If the sun would rise in a minor key, this is what it would sound like. The shadows dissolve around you in warm harmony, even death sunbathes here, in a song ripe with hope and humanity. It is a misnomer to 'Fade Out' when we are held not by darkness, but by light. The paralysis of a dreary existence is manifested in the 'Street Spirit' where 'cracked eggs, dead birds scream as they fight for life' and 'machines will not communicate these thoughts and strain I am under.' If we were to stifle the creative spirit all we would need to do is look down a suburb and notice the lack of aesthetics and individuality of the homes. 'Rows of houses all bearing down on me...all these things will one day take control and fade out again.' This is the prelude to the bigger picture found in Radiohead's songs. Sure they dwell on the robotics of Orwell's '1984', and at times they are tedious and painfully accurate, nevertheless they leave us with an indelible desire to survive. 'Immerse your soul in Love' wags it's tail at the end of the song to insure a new beginning, much like the death of night. When sung, it is a very exciting moment as Thom's voice soars above the convolutions of the incessant guitar picking and synth-strings. Not the most popular Radiohead song, but their brightest moment to be experienced.
This song has a very tender vocal, which I believe is by either Carl or Dennis, a super-cool reverb-laden piano and sweet handclaps that cue up organ and trumpets. As fully-realized a piece as anything on "Pet Sounds".
from Wild Honey (Capitol) available on CD - Wild Honey/Smiley Smile (Capitol)
06 Dec 05 ·Swinging London: I LOVE this song. From my favourite (under-rated) Beach Boys album, 'Wild Honey' (1967)
There's also a live version available on a Beach Boys 'Live' album, which I believe was recorded in London in 1968...they fluff the lyrics, which, actually, adds to the charm.
Anyway, thank you for reminding me of this little gem.
Interesting early composition/production work from Axelrod. Vaguely calypso-inspired orchestral pop with a very prominent piccolo and what sounds like a French horn solo...I think that I hear a glockenspiel in there, as well. All layered over trademark Axelrod drums and a cool walking bassline.
18 May 02 ·Sem Sinatra: I'd be interested to know exactly what David McCallum did on this track ... maybe the glockenspiel 24 May 02 ·tinks: well, according to the liner notes, he supposedly is the conductor of the thing. i've seen his conducting in action in the film "the big tnt show" and all that i can say is that it looks sorta dubious. 30 Oct 03 ·utada: David McCallum's father played french horn for the london symphony-he played french horn on the Beatles "for no one"-I think this is he and not the son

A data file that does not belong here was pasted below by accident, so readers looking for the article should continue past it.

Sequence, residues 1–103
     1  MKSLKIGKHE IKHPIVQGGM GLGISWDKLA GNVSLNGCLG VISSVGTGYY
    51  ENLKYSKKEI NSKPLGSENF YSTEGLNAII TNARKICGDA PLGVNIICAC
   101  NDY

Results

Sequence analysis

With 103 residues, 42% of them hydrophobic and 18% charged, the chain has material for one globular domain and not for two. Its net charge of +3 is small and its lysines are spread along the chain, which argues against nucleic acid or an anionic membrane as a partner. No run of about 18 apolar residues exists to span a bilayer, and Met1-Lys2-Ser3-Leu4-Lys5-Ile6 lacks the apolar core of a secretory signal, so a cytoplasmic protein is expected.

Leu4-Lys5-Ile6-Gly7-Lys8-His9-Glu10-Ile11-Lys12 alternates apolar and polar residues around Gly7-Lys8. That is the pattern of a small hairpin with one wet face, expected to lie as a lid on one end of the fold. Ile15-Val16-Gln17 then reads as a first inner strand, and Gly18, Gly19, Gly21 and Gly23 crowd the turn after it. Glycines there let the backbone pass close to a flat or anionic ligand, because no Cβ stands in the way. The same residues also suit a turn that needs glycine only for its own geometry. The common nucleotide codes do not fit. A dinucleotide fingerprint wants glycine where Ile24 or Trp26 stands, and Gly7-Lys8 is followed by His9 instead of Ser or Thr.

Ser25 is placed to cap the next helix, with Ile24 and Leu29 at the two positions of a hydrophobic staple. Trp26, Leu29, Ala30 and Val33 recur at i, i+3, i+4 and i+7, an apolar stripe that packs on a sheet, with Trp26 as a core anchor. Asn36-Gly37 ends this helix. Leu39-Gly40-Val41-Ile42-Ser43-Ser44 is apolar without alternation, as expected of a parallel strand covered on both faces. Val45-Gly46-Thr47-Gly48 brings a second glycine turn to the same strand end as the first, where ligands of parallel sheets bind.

Y'know...I really like the latest Dandy Warhols album, in spite of myself. I've never been able to stand them, as they are as about as close a thing to actual rock stars as we have here in Portland. As a result, there's just an awful lot of bitterness in the air. I think that I finally came to the realization that their particular brand of coke-sniffing antics are precisely what I want out of a rock & roll group. I want there to be rock stars on the grand 70s scale again. Somebody has got to inherit Mick Jagger's rightful place as the man to be. I'm not saying that Courtney Taylor should be that man, but at least he's on the right track. This song in particular...as strange as it sounds...it reminds me of the Offspring, but in a good way. And that's the way with a lot of this album. There are songs here that remind me a lot of Beck, ones that remind me a lot of Frank Black and of course the obvious Stones pastiches. In short, there's nothing earth-shatteringly original...but hasn't rock & roll always been about copying what's come before and trying to make it your own? I mean, where would the Beatles have been without Chuck Berry?
from Thirteen Tales from Urban Bohemia, available on CD (Capitol)
24 Jan 03 ·doublebarrelledsou: um... "reminds me of the offspring, but in a good way"
i bet you've been losing sleep on someone finding that comment for months, your day of reckoning has arrived master tinks!
i had no idea you were harbouring love for the dw.
guess what's on ym desk right now. a numark tt-100 baby!
This wild track from Les Baxter's superb 'Jungle Jazz' album wouldn't be out of place in a David Lynch movie. In fact, it sounds very like some of the work Angelo Badalamenti did for the 1992 movie 'Fire (walk with me)'. It's really wickedly over the top, with a walking bass, wailing horns, and some incredible tenor saxophone work from legendary session player Plas Johnson. The overall effect is cinematic and disturbing.
from Jungle Jazz (Capitol) available on CD - The Exotic Moods of Les Baxter (Capitol)